Vascular endothelial growth factor-related pathways in hemato-lymphoid malignancies.

Medinger M, Fischer N, Tzankov A - J Oncol (2010)

(a) Microvascular architecture in normal bone marrow highlighted by CD34; note single capillaries. (b) Increased microvessel density in acute myelogenous leukemia and in (c) myeloproliferative neoplasm; note dilated sinus and atypical megakaryocytes in the latter.
© Copyright Policy - open-access
Related In: Results  -  Collection

Show All Figures
getmorefigures.php?uid=PMC2875768&req=5

fig2: (a) Microvascular architecture in normal bone marrow highlighted by CD34; note single capillaries. (b) Increased microvessel density in acute myelogenous leukemia and in (c) myeloproliferative neoplasm; note dilated sinus and atypical megakaryocytes in the latter.
Mentions: Leukemias have been ever since associated with angiogenesis since the AML cell line HL-60 was first used to clone the VEGF gene [40]. The first demonstration that leukemia progression might be accompanied by an increase of bone marrow vascularization was provided by Judah Folkman's group [41], who demonstrated that the bone marrow of acute lymphoblastic leukemia (ALL) patients had increased blood vessel content compared to normal counterparts. Detailed analysis of bone marrow sections from ALL patients led to the development of a model to illustrate their irregular, albeit abundant, bone marrow vasculature. Moreover, it was also shown that urine and peripheral blood samples from ALL patients contained elevated levels of proangiogenic growth factors, namely, basic fibroblast growth factor (bFGF) and VEGF, which correlated with the increase of bone marrow angiogenesis [41, 42]. These studies raised the question of whether the growth of other types of hemato-lymphoid malignancies is also accompanied by increased angiogenesis, while proving that the basic molecular/cellular mechanisms occurring during leukemia expansion might be similar to those seen in solid tumors. The existence of an “angiogenesis switch”, first proposed for solid tumors [43], was therefore suggested to apply to hemato-lymphoid malignancies as well. “Angiogenesis switch” in leukemia is documented by increased bone marrow MVD (Figures 2(a) and 2(b)), increased expression of HIF-1, multiple proangiogenic factors (VEGF, bFGF, angiopoietin-2), soluble VEGFR, and decreased expression of endogenous angiogenesis inhibitors, such as thrombospondin-1 [11, 12].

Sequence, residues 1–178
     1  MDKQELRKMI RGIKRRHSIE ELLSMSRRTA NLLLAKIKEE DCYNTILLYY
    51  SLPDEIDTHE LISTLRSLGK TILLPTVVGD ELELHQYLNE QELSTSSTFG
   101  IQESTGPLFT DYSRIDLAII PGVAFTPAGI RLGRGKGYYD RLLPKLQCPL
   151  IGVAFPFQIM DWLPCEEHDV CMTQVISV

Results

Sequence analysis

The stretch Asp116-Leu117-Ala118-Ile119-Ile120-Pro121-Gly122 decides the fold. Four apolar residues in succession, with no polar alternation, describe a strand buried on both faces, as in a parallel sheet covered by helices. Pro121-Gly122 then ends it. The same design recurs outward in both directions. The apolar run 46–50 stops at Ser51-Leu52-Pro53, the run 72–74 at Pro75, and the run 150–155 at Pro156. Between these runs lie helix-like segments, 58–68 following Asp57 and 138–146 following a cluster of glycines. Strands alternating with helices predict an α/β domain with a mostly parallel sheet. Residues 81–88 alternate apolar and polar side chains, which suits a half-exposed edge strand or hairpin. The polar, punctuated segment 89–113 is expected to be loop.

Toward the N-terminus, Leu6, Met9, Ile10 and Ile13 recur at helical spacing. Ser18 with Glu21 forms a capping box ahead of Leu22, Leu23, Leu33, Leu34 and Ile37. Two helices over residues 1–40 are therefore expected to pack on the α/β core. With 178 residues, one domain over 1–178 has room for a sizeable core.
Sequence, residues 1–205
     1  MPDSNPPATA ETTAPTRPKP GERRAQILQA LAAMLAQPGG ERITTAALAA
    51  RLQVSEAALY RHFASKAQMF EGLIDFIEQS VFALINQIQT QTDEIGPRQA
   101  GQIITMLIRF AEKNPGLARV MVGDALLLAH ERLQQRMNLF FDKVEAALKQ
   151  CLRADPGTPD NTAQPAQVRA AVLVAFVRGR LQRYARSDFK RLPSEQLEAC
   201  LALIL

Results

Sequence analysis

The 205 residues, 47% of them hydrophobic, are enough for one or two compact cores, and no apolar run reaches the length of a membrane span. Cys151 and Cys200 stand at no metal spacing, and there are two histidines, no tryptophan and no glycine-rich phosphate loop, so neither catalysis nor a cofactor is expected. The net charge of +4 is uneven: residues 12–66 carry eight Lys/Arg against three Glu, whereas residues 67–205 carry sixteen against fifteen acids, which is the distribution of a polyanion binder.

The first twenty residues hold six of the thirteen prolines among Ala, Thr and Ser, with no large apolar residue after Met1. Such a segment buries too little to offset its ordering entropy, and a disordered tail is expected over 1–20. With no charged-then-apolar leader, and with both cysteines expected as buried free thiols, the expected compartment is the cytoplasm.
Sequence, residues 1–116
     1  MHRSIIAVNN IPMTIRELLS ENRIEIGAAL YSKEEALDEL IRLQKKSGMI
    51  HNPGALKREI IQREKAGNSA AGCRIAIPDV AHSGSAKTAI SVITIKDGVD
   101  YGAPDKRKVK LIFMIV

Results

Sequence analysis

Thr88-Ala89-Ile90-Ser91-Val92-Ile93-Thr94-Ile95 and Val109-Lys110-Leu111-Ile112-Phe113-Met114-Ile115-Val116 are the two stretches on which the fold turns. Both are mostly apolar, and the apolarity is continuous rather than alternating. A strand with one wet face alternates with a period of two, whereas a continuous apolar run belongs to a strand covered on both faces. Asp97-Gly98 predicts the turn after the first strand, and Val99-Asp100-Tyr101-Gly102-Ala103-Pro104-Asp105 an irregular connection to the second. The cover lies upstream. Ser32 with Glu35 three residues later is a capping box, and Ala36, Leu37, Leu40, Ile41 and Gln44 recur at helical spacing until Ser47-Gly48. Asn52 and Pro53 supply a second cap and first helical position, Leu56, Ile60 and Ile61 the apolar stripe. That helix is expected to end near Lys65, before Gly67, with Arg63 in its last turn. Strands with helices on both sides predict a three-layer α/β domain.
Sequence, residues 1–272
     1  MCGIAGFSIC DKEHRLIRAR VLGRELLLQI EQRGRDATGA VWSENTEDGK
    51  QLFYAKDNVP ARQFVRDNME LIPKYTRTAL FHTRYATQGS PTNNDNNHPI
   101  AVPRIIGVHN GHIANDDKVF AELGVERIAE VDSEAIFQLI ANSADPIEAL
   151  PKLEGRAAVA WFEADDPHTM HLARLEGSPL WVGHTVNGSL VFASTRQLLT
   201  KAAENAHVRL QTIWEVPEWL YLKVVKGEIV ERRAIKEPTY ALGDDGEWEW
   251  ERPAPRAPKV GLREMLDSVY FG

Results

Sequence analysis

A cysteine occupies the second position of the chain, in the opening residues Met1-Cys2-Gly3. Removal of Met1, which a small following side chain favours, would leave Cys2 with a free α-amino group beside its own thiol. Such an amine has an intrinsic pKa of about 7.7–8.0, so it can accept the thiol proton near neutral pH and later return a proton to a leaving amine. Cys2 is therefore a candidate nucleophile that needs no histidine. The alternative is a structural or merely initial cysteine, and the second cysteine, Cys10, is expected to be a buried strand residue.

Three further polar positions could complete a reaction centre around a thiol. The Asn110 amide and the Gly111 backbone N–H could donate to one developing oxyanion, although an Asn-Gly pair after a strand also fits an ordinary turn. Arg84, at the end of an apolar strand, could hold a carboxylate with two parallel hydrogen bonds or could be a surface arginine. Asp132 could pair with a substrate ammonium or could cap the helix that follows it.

Bottom Line: Angiogenesis is essential for malignant tumor growth.The most important proangiogenic agent is vascular endothelial growth factor (VEGF), activating VEGF receptors 1 and 2.The available data on angiogenesis in hemato-lymphoid malignancies, such as acute leukemias, myelodysplastic syndromes, myeloproliferative neoplasms, multiple myeloma, and lymphomas, point towards the significance of autocrine and paracrine VEGF-mediated effects for proliferation and survival of leukemia/lymphoma cells in addition to tumor vascularization.

View Article: PubMed Central - PubMed

Affiliation: Department of Hematology, University Hospital Basel, Petersgraben 4, 4031 Basel, Switzerland.

ABSTRACT
Angiogenesis is essential for malignant tumor growth. This has been documented for solid tumors, and there is an emerging evidence suggesting that tumor progression of hematolymphoid malignancies also depends on the induction of new blood vessel formation. The most important proangiogenic agent is vascular endothelial growth factor (VEGF), activating VEGF receptors 1 and 2. The available data on angiogenesis in hemato-lymphoid malignancies, such as acute leukemias, myelodysplastic syndromes, myeloproliferative neoplasms, multiple myeloma, and lymphomas, point towards the significance of autocrine and paracrine VEGF-mediated effects for proliferation and survival of leukemia/lymphoma cells in addition to tumor vascularization. Antiangiogenic strategies have become an important therapeutic modality for solid tumors. Several antiangiogenic agents targeting VEGF-related pathways are also being utilized in clinical trials for the treatment of hemato-lymphoid malignancies, and in some instances these pathways have emerged as promising therapeutic targets. This review summarizes recent advances in the basic understanding of the role of angiogenesis in hemato-lymphoid malignancies and the translation of such basic findings into clinical studies.

No MeSH data available.


Related in: MedlinePlus